The most unusual of votes about U.S.-Cuba policy took place Wednesday — not in Washington or Havana, but in Miami.
After a wrought discussion, the Miami-Dade County Commission unanimously agreed to ask Congress to revise the Cuban Adjustment Act, a 1966 federal law that allows Cubans, unlike any other foreigners, to apply for U.S. residency one year and one day after arriving.
As a local government, the commission has no foreign-policy authority. But as a legislative body in the home of the country’s largest Cuban community, the vote represents a symbolic acknowledgment — even from longtime hardliners — that at least portions of U.S.-Cuba policy needs a fresh look.
“This is a good thing that has been misused in some cases, but it doesn’t mean we have to throw it away,” Commissioner Javier Souto, a Cuban-born Republican, said of the CAA. “We shouldn’t throw the baby out with the bathwater.”
Commissioner Bruno Barreiro, the Republican son of Cuban immigrants who became U.S. residents thanks to the law, had proposed asking Congress to repeal it altogether — a bold request that drew attention among Cuban exiles already on edge about President Obama’s move to normalize relations with the island’s communist regime.
From the dais Wednesday, Barreiro dismissed criticism that he was jumping on the Obama administration’s bandwagon, or reacting to reports that have highlighted how criminals have abused the CAA’s privileges. He said he first asked the county attorney’s office to draft similar legislation in 2009.
The reason, according to Barreiro: Fidel and Raúl Castro have used to the CAA to their advantage, as a way to encourage dissidents to leave the island and stop posing a political threat. The law has also allowed the Castros to send spies to infiltrate the U.S., Barreiro said.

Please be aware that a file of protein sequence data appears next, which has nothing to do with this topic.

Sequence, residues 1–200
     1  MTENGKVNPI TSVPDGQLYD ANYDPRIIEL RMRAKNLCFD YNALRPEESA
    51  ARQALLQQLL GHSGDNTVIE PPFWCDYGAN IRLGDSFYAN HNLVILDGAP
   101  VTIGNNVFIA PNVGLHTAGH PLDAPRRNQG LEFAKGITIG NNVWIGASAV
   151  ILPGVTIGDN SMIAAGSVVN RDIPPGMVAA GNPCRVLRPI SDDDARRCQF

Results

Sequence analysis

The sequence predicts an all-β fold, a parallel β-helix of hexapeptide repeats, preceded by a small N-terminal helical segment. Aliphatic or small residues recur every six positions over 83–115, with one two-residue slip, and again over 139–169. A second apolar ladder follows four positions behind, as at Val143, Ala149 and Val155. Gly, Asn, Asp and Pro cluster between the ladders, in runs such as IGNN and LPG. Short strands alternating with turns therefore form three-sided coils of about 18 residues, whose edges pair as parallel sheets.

“On a micro level, on a personal level, I strongly believe it has helped, substantially, the individual Cubans who have come and been able to seek freedom and work hard for their family and have a prosperous life,” Barreiro said. “But on a macro level, on a large-scale policy issue for a regime — a totalitarian regime — unfortunately, I think it’s benefited the regime.”
His proposal prompted some of the five other Cuban Americans on the 13-member, Republican-majority board to relate personal histories about when and how their families left Cuba. A teary Rebeca Sosa, a Republican who left Cuba for Puerto Rico when she was 8, said she couldn’t support a repeal without the establishment of a Cuban democracy.
“I will never place my vote on knocking down something that has helped people who really escaped from that regime,” she said.
In the end, Barreiro accepted an amendment offered by Esteban “Steve” Bovo, a Republican whose father is a Bay of Pigs veteran, asking Congress to “revisit and amend the Cuban Adjustment Act to ensure the continued protection of immigrants fleeing political persecution.”
Bovo cited past statements by Miami Republicans in Congress, including Sen. Marco Rubio, who have all endorsed revising the CAA to tighten its restrictions. They have characterized their goal as weeding out so-called economic refugees who return to Cuba as soon as they’re legally able, sometimes taking with them the wealth they have accumulated in the U.S.
Though the vote carried no foreign-policy weight — something commissioners repeatedly conceded — they took it seriously and, concerned that the measure could backfire on Barreiro, they praised him for his “courage” in bringing up a divisive and contentious question.
“I know there’s just a lot of pain and personal suffering, but let’s try to look forward,” said Commissioner Juan C. Zapata, a Colombian-American Republican. “Let’s be bold and take a step that maybe will have some good ramifications.”